Opinion and Analysis
Disputes over islands gain prominence
Posted Monday, October 22 2012 at 22:01
Islands, whether big like Madagascar or small like Nauru, tend to be at the centre of disputes, either as subjects or initiators.
Some islands are within states and are rarely subjects of international disputes.
They are usually extensions of continental states, often separated by few water kilometres. Islands of dispute, however, are often insignificant, found in the frontier zones, and acquire prominence when states quarrel over them.
These include Migingo/Mijingo in Lake Victoria, Malvinas/Falklands in South Atlantic Ocean, Gibraltar in the Mediterranean Sea, and now Diaoyu/Senkaku in East China Sea.
There are also island countries, not extensions of state at sea, and differ from countries in continental land masses.
These tend to be conscious of their isolation and become aggressive in order to be noticed or at least not to be ignored in discussing geopolitical matters. If other countries are fighting, the separation helps the island country to be safe and to watch the quarrel without getting directly affected.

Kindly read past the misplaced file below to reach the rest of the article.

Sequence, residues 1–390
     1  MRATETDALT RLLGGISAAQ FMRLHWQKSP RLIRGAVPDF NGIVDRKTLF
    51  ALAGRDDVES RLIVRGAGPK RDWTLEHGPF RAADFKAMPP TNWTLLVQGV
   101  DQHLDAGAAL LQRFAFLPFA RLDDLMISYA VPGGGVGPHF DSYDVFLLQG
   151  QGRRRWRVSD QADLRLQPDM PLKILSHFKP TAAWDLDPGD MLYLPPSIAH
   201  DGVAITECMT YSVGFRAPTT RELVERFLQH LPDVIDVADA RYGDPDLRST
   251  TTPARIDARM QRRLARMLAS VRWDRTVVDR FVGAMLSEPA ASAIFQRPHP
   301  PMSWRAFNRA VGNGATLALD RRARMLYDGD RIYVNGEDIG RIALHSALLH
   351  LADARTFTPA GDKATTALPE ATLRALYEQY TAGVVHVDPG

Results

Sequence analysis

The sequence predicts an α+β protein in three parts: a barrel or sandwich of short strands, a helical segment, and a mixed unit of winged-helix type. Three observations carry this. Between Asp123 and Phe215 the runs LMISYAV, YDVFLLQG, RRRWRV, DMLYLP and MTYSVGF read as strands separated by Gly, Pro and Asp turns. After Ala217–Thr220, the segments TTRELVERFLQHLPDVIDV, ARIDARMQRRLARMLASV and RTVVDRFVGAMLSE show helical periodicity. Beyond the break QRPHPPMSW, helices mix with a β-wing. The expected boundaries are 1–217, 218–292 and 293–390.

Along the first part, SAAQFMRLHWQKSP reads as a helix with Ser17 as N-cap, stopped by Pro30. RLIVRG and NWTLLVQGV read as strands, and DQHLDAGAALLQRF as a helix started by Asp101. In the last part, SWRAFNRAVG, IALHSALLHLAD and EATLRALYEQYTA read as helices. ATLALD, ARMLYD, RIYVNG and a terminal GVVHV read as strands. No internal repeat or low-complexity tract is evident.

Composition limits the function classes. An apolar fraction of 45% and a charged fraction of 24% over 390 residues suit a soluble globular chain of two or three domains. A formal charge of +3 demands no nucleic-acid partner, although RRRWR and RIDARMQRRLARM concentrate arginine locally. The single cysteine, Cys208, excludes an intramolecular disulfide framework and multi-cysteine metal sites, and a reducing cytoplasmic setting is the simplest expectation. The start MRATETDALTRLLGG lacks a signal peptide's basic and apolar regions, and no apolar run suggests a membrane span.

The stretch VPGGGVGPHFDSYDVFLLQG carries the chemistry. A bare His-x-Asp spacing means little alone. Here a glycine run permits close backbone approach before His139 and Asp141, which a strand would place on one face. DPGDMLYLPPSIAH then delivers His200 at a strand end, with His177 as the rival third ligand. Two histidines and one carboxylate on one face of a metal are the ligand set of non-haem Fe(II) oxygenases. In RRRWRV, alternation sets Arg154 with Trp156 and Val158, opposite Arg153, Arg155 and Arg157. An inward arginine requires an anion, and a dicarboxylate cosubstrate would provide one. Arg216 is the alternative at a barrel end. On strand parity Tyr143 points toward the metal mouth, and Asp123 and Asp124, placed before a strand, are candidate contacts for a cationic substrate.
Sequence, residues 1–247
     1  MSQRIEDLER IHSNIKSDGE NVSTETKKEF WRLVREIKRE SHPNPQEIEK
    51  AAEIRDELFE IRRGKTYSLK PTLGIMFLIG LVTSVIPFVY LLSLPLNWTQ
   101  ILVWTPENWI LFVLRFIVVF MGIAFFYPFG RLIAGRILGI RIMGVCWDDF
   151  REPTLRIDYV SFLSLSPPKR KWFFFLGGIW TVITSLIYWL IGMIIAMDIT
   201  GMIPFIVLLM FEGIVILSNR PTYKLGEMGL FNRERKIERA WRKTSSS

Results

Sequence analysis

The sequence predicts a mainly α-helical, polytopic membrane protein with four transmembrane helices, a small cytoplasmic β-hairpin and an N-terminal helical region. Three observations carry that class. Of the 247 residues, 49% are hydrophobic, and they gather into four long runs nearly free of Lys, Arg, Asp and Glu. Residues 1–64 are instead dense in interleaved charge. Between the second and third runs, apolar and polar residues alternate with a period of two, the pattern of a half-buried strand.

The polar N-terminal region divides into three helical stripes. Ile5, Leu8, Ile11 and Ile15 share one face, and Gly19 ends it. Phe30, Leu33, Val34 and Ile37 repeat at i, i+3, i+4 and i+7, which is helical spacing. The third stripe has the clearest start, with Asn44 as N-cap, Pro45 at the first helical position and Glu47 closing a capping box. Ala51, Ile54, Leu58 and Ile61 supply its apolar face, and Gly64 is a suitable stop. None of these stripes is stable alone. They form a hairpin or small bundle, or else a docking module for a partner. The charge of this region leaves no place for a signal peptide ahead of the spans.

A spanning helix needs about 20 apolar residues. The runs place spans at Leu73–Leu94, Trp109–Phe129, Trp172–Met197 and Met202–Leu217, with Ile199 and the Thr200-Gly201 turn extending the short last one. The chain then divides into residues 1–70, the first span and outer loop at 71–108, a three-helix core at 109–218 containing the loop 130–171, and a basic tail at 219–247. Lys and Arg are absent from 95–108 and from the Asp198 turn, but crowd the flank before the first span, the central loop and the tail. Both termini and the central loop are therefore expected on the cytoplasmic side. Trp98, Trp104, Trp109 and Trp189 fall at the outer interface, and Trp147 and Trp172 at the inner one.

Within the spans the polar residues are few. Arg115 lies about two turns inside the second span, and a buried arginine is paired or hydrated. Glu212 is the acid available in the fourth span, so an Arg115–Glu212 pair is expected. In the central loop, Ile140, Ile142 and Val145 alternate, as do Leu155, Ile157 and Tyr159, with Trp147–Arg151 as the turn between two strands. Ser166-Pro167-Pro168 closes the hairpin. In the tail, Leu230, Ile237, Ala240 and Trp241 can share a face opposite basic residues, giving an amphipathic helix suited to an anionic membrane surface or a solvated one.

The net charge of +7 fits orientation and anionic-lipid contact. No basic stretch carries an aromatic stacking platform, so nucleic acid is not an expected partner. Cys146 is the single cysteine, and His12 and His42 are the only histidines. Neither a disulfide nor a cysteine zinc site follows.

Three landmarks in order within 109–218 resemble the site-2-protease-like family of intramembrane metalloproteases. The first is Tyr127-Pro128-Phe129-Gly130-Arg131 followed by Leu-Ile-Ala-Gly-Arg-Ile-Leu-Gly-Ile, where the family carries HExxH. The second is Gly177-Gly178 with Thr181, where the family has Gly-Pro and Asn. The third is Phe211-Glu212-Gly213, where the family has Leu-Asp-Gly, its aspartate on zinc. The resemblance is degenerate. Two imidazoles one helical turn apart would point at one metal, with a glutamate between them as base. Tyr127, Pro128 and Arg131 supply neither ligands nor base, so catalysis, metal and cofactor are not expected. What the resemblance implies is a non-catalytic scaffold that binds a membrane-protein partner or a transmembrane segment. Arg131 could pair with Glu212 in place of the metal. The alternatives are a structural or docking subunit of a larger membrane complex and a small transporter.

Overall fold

The separation can also be a drawback in the sense that people appear like outsiders to their continental neighbours.
Some island states develop special identities and become powerhouses.
Three of the most powerful and probably controversial countries of the 19th and 20th Centuries, for instance, were islands.
The three are first Cuba in the Caribbean. Second is Britain in the Atlantic Ocean, just 20 water miles west of continental Europe.
Third is Japan in the Pacific Ocean, east of continental Asia. These had to overcome their isolationism by being aggressive, not meek.
They successfully managed to challenge, and even to thrash, continental powers that were better endowed in terms of territory.
Cuba, victim of imperial machinations, acquired identity of successful defiance of American whims. Located 90 miles away from Florida, Fidel Castro’s communistic experiment survived persistent American pressure to conform.
Cuba was the American excuse for grabbing Spanish imperial claims at the end of the 19th Century in the Atlantic and the Pacific Oceans.
It was the reason the United States and the Soviet Union nearly wiped out the world in 1962 before sober heads prevailed. In contrast to Cuba, Britain was successfully imperialistic and even claimed islands next to other countries.